"Outside a dog a book is man's best friend, inside a dog it is too dark to read!" -Groucho Marx========="The person, be it gentleman or lady, who has not pleasure in a good novel, must be intolerably stupid." -Jane Austen========="I don’t believe in the kind of magic in my books. But I do believe something very magical can happen when you read a good book."-JK Rowling========"I spend a lot of time reading." -Bill Gates=========“Ahhh. Bed, book, kitten, sandwich. All one needed in life, really.” -Jacqueline Kelly=========

Sunday, May 1, 2022

Sunday Salon with some bookish and not-so-bookish thoughts

Tulips. April 2016.

Overcast but no rain so far today. We seem to be moving toward more spring-like weather. The spring so far has been quite cool.

National Poetry Month ends: How did I do on my poetry reading goals? See this post for my plan for April and poetry.

Bookish thoughts: All month I've been aware that I keep adding more books to my TBR (To Be Read) pile than I actually read. I recently culled down my TBR to right around 210 titles.  (Check out my TBR at Goodreads here.) My goal for this May is to ONLY read books on that list or books I currently own. No trips to the bookstore or library to get teased into trying something else! I usually read 10 books on average a month, so I hope to make a small dent in my list. Keeping my fingers crossed!

Not-so-bookish thoughts: Well, this thought is tangled up in something I read this morning about not getting all of our information from one source. Apparently in 1958 Mao incited the Chinese people to destroy sparrows because the birds ate so much grain and there was so many of them. The people took this message to heart and soon there were no/few sparrows left. The next year a famine began that killed 45 million people. It seems that sparrows also kept insects and locusts in check. Without sparrows, the locusts were free to eat and destroy whole fields. It is thought that this one event, called Smash Sparrows is the greatest environmental disaster ever. All caused by one man thinking he knew the solution to a problem -- not enough grain for everyone, get rid of every source of competition -- and the results were way worse than the problem. We must take this cautionary tale to heart and refuse to be people who insist on getting our information from only one source and never fact checking elsewhere. Whatever the topic: vaccines, masks, politics, environment, voting, etc.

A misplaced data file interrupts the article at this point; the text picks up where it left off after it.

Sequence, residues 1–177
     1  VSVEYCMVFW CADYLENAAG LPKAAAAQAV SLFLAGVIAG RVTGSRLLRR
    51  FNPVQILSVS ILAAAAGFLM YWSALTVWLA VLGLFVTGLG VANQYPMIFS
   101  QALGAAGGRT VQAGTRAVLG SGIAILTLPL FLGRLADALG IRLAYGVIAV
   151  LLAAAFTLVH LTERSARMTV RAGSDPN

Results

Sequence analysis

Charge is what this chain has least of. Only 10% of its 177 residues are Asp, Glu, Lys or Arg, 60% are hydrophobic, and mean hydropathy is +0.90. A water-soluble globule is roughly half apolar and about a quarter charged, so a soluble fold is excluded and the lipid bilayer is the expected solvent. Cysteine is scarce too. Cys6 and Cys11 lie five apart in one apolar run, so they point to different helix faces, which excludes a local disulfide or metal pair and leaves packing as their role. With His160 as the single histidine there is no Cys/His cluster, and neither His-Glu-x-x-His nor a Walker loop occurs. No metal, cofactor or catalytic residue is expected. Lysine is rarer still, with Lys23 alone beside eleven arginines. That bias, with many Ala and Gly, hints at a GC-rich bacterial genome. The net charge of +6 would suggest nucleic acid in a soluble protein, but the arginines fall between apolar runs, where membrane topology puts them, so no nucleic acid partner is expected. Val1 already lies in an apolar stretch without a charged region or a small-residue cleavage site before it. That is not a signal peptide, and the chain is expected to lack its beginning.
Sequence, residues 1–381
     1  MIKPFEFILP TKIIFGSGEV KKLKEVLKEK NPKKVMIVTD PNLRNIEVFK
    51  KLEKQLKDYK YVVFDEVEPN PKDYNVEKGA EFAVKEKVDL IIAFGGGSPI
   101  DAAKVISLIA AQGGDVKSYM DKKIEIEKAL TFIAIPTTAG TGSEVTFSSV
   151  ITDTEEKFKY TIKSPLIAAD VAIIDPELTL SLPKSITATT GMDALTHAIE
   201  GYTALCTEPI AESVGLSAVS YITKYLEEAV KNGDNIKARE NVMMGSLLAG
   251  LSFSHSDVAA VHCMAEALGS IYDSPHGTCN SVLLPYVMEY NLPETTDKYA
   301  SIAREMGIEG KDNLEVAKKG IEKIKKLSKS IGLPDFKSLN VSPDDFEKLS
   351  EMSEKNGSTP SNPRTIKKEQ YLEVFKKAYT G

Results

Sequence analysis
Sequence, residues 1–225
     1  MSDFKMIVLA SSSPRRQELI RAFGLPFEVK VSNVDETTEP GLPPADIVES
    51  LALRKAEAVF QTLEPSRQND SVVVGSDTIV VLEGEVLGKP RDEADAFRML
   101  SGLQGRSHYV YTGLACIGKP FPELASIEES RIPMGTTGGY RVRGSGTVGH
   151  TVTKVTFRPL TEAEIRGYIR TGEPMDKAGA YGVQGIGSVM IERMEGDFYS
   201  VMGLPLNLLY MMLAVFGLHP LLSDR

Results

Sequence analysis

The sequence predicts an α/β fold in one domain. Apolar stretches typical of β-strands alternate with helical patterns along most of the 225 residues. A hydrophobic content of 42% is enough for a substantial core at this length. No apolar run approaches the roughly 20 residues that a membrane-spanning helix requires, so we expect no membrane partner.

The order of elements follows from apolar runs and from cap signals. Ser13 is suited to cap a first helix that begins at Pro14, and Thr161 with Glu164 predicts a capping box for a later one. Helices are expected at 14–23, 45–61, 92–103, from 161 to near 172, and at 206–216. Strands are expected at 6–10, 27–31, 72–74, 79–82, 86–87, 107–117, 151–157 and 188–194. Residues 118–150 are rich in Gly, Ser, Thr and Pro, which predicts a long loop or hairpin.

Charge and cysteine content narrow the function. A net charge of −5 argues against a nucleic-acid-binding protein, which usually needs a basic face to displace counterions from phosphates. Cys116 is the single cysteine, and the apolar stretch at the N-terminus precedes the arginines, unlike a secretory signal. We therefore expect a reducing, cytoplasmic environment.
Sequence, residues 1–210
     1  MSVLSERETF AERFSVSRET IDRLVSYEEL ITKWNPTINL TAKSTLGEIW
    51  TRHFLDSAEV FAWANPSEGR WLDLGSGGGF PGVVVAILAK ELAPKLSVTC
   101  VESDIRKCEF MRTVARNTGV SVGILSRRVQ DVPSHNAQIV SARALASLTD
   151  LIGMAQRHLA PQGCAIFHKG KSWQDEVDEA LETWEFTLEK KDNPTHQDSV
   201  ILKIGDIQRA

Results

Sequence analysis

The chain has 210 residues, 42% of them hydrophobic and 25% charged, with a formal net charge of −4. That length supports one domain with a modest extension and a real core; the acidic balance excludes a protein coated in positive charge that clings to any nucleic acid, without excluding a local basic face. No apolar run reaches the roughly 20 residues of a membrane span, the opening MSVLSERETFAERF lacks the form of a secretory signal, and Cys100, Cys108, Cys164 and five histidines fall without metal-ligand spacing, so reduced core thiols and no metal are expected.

Books read this week:

  • The House in the Cerulean Sea by T.J. Klune. A book club selection which was way out of our comfort zone but I ended up liking it for it's positive message. Audio.
  • The Horse and His Boy by C.S. Lewis. The fifth book in the Chronicles of Narnia series. A reread for me. I liked the story better than in the past but was more aware of sterotype person used as the villains. Read for Narniathan. Print book that I own.
  • 100 Poems to Break Your Heart by Edward Hirsch. The book is a tome but I worked my way through it over six week so I got a sense of accomplishment at completion.  Print from library.

Currently reading:

  1. Good Enough: 40(ish) Devotions by Kate Bowler. I have been enjoying these devotions immensely. I'm on devotion #36. Print book that I own. 91% complete. 
  2. So You Want to Talk About Race by Ijeoma Olou. A book club selection. Tough but necessary topic. Audio. 30% complete.
  3. The Heart's Invisible Furies by John Boyne. So many people have recommend this book, including a woman I didn't know when I was carrying it around at the book store yesterday after purchasing it. 6% complete.

Thank you, Joe Biden:


Hands dirty: Today Don and I got out in the yard and removed some ugly shrubs and replaced them with brightly colored azaleas.  I say "we" but Don really did most of the work.

On the lighter side, animal version:


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